Sanwar Ali: additional reporting and comments
US Vice President Kamala Harris is set to visit Mexico and Guatemala ‘soon’ for US immigration talks. Harris’ visit is part of plans to use diplomacy to slow the flow of migrants arriving at the US border with Mexico from Central America. Biden recently tasked Harris with the job of working with Central American leaders to deter migrants from crossing into the US.
There are "migrant crises" at times with the border with Mexico. This has happened under Trump and now under Biden. Will the latest migrant crises be worse than under Trump. Too early to say. However, it seems that people think that Biden will be softer than Trump on immigration issues. That is likely encouraging some people to cross the border into the US.
Biden has moved away from the hardline stance taken by former US President Donald Trump on US immigration. Many Republicans have accused the President of causing the migrant surge seen at the US border with Mexico. Republican representatives have described it as a ‘crisis’, while the Biden administration has described the situation as ‘challenging’.
Meanwhile, Biden administration officials maintain that the Trump administration is solely to blame for the surge in migrants at the US-Mexican border.
Harris avoided media
Having been tasked with the job of leading US efforts with Mexico and Central America’s Northern Triangle nations – El Salvador, Guatemala and Honduras – to deter migrants from entering the US, Harris initially avoided the media and arranged no meetings with Central American leaders to discuss US immigration issues.
However, the Vice President did finally speak to reporters on April 14 during a virtual roundtable discussion with experts, who offered recommendations on the Central American region, focusing on the root causes of migration across the Northern Triangle.
During the roundtable meeting, Harris said: “Our focus is on dealing with the root causes, and I am looking forward to travelling, hopefully as my first trip, to the Northern Triangle, stopping in Mexico and then going to Guatemala.”
Those participating in the meeting included national security adviser to Harris, Nancy McEldowney, president of the Migration Policy Institute, Andrew Selee and Lisa Haugaard, the co-director of nonprofit advocacy group, Latin America Working Group.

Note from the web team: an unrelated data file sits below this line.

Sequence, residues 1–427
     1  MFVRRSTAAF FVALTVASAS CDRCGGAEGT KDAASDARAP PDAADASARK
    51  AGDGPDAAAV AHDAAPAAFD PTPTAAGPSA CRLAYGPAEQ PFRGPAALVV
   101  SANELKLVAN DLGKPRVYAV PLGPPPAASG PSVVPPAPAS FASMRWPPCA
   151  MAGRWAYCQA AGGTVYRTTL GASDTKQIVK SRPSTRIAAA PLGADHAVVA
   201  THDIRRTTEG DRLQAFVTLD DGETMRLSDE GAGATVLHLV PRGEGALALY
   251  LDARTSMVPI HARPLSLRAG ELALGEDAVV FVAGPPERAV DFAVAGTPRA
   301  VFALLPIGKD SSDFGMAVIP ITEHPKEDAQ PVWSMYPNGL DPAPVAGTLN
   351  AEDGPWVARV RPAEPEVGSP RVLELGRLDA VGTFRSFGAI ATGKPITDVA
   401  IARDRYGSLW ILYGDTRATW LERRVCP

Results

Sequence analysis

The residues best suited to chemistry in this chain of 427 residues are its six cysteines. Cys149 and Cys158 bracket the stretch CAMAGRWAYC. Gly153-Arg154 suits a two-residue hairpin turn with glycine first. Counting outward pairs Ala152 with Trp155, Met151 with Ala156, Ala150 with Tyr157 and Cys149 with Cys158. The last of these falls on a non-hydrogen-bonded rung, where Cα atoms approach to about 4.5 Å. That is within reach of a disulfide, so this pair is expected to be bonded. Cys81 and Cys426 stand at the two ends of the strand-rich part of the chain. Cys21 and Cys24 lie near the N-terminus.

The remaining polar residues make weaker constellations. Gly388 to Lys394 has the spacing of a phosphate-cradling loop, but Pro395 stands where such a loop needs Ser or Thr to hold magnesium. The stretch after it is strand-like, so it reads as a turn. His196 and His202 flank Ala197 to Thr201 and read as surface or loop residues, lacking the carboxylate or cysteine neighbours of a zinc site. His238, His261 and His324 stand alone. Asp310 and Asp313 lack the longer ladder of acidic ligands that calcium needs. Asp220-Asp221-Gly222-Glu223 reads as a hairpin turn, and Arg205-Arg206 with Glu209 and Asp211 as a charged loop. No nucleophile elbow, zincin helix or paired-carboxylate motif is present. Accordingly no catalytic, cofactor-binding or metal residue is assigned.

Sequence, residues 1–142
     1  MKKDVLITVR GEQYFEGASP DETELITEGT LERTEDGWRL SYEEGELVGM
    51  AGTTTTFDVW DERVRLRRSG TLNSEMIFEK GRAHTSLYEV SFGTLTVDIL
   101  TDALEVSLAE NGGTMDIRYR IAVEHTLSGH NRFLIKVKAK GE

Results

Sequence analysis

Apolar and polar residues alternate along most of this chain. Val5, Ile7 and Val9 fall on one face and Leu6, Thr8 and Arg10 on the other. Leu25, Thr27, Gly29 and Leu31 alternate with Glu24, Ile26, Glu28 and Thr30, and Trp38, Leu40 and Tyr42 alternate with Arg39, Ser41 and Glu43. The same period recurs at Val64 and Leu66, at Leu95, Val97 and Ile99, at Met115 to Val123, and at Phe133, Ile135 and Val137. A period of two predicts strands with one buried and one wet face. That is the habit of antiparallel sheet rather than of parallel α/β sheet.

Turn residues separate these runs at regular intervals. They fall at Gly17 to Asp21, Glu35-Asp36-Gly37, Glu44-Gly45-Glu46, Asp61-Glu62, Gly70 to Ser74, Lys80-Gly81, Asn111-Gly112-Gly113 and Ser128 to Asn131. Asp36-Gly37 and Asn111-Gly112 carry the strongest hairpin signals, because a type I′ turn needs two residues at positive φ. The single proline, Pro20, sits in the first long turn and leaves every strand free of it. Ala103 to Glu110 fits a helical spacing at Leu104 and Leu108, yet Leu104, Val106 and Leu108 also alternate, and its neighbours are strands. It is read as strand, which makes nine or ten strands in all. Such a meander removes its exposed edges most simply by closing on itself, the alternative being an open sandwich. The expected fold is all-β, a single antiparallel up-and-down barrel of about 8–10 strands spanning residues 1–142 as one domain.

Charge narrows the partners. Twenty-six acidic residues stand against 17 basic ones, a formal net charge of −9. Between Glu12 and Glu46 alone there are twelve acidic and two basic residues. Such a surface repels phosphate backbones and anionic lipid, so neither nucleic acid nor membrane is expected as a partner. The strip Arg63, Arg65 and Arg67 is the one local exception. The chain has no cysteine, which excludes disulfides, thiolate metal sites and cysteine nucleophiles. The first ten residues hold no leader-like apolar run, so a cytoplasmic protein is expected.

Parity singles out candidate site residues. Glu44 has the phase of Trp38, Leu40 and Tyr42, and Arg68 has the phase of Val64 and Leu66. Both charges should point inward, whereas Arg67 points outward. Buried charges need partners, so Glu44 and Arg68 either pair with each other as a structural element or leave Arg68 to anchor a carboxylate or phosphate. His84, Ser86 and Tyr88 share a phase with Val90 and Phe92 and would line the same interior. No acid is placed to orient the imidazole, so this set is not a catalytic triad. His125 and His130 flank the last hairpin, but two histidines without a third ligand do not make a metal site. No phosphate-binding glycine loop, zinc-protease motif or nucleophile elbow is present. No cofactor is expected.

Migration agreement likely
Guatemalan President, Alejandro Giammattei, said that his government is likely to reach an agreement with Harris on immigration to the US during her visit, but said that there are no deals currently on the table.
He said: “The US government will analyse our proposals and the agreements will come from there.”
It’s understood that no meeting date has been confirmed.
Rise in unaccompanied children
The Biden administration has come under increasing pressure over the US-Mexico border, specifically a surge in the number of unaccompanied migrant children being detained by US immigration officials. The children are housed on US soil until they can be reunited with their families.
In March, the number of unaccompanied children arriving hit the highest number since record keeping began in 2010. Overall, 172,000 migrants were picked up at the US-Mexico border in March. 168,000 were picked up by border patrol agents between ports of entry, representing the highest monthly count in 20 years.
Harris said: “We must figure out how to bring about economic development in the Northern Triangle countries to curb immigration. Most of the region’s people do not want to flee their homes but many do so because there are no opportunities to meet their needs.”
Harris visit questioned
However, Republican legislators in Washington have questioned why Harris is planning to visit Mexico and Guatemala having not yet visited the US-Mexican border.
House Republican leader, Kevin McCarthy, said on Twitter: “It has been 3 weeks since President Biden appointed VP Harris to oversee the border. Since then, the crisis has only continued to spiral out of control.”
At a recent congressional hearing, Ricardo Zuniga, a US special envoy to Central America said that the recent surge in migrant arrivals was part of a ‘recurring pattern’ driven by crime and poor economic conditions in the Northern Triangle.
Zuniga said: “The Biden administration is working to help social welfare agencies in the region to identify unaccompanied children travelling with US-bound caravans and other groups to stop them from taking the ‘dangerous journey’ north.”
Meanwhile, in a recent article published by the Atlantic Council’s Latin America Center, it said that ‘climate change, the effect of the COVID-19 pandemic, corruption, insecurity and poverty in Central America will continue to drive mass migration to the US’.
The article added: “The lack of sustained and inclusive economic opportunities in the Northern Triangle region are among the main drivers of unauthorised migration.”
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